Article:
"It has become increasingly clear that in light of the environment of curtailed customer spending, our ongoing discussions with publishers and other vendor related parties, and the company's lack of liquidity, Borders Group does not have the capital resources it needs to be a viable competitor and which are essential for it to move forward with its business strategy to reposition itself successfully for the long term," the company said in a statement Wednesday.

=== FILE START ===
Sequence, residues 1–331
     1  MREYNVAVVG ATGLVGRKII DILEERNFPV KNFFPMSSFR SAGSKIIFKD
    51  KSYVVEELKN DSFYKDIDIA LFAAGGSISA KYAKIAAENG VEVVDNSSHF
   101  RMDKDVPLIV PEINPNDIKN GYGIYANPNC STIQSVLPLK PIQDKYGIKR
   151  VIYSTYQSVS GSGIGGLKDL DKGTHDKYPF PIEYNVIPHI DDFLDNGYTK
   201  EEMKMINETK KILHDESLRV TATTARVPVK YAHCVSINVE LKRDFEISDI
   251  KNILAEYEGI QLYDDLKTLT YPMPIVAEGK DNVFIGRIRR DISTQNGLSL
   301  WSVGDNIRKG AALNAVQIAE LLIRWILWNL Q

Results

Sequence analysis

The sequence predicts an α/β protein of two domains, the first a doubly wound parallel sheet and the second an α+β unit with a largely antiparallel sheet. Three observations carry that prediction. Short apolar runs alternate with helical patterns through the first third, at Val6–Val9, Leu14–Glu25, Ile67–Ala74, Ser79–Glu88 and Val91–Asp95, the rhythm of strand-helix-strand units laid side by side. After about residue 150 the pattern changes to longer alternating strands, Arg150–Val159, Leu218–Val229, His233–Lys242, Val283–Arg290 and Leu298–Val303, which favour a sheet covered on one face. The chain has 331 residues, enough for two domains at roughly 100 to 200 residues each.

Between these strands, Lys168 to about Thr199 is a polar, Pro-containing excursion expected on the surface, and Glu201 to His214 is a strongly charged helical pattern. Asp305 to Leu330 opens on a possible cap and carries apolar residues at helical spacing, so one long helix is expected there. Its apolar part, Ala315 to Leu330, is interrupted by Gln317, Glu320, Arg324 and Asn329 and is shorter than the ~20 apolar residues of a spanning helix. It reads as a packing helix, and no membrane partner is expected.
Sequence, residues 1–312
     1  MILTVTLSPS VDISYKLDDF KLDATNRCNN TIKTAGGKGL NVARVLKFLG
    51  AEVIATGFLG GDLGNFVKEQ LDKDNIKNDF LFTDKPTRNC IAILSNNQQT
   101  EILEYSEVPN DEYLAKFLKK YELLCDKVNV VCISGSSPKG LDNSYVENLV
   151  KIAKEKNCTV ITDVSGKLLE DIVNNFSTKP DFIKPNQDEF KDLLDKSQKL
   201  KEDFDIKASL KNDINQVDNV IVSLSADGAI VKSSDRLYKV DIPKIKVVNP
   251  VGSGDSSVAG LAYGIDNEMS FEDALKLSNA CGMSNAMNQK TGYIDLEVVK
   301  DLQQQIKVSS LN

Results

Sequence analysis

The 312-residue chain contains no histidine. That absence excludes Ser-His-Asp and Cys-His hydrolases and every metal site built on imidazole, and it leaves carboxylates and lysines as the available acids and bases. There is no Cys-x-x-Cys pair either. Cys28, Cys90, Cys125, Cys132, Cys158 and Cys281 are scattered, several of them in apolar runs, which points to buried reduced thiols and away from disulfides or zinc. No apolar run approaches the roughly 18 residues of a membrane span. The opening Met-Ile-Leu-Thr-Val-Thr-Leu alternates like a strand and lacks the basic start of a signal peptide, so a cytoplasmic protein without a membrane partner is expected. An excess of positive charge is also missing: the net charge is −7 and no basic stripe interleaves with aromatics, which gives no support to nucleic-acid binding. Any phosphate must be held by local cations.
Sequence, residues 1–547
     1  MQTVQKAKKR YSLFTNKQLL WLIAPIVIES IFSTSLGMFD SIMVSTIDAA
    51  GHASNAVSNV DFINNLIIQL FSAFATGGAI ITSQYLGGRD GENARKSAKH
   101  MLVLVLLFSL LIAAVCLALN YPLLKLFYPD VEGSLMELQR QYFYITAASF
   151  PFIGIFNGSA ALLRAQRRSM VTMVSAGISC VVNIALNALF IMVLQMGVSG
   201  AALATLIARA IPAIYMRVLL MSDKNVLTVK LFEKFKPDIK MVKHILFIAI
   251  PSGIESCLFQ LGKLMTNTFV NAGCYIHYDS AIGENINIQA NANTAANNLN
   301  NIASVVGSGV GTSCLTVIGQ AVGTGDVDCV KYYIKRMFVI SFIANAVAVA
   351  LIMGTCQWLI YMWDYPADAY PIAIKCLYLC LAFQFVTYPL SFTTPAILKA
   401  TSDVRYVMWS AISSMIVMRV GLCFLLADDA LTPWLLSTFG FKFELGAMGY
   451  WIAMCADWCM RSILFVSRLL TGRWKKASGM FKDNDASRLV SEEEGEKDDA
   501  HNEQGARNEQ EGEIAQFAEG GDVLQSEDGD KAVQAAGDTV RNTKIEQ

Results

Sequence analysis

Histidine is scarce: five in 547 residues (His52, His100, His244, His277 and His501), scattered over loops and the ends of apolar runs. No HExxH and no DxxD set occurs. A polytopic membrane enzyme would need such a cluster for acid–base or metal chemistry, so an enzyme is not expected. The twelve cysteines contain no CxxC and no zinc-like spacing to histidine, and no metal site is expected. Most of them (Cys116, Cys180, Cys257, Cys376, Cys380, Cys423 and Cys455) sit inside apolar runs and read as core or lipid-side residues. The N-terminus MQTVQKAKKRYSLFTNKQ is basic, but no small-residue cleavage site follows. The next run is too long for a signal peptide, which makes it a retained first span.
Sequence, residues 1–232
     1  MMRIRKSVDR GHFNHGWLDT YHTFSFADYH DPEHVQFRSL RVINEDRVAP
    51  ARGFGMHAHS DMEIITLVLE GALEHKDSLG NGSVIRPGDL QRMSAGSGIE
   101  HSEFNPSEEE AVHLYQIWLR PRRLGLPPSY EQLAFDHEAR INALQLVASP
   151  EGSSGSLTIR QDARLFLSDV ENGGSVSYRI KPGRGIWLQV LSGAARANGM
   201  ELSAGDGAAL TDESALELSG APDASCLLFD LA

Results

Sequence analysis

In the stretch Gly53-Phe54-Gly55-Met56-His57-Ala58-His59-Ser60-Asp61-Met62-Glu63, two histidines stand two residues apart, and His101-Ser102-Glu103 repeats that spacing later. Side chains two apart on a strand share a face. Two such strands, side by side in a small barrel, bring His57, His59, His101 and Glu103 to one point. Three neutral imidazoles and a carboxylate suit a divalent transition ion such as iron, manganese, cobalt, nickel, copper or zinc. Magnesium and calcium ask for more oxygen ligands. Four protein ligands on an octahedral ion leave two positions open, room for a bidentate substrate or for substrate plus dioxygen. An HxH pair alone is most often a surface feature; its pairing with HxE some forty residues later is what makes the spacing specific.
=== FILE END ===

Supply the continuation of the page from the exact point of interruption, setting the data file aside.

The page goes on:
Borders said it has received commitments for $505 million in debtor-in-possession financing led by GE Capital to allow it to continue to operate its stores and pay employees while in bankruptcy. It plans to close about 30% of its store base over the next several weeks.As of Dec. 25, Borders had liabilities of $1.29 billion and assets of $1.28 billion, according to documents filed with U.S. Bankruptcy Court in Manhattan. The company previously said it would receive a conditional loan commitment from GE Capital of $550 million. But Borders failed to meet those conditions, which included arranging financings with other lenders, vendors and landlords. Borders has delayed payments to vendors, landlords and other parties in both December and January in an effort to preserve liquidity. Borders received a delisting notice from the New York Stock Exchange a week ago, warning that its stock has been trading under $1 for 30 consecutive days. NYSE requires that stocks maintain an average closing price of $1. In early December, hedge fund manager Bill Ackman, whose Pershing Square Capital Management owns securities representing a 41.8% stake in Borders, offered to finance an acquisition by the company of rival Barnes & Noble (BKS). The cash-and-stock deal envisioned then would have valued Barnes & Noble common shares at $16 each, but it never seemed to get off the ground. --Written by Jeanine Poggi in New York.
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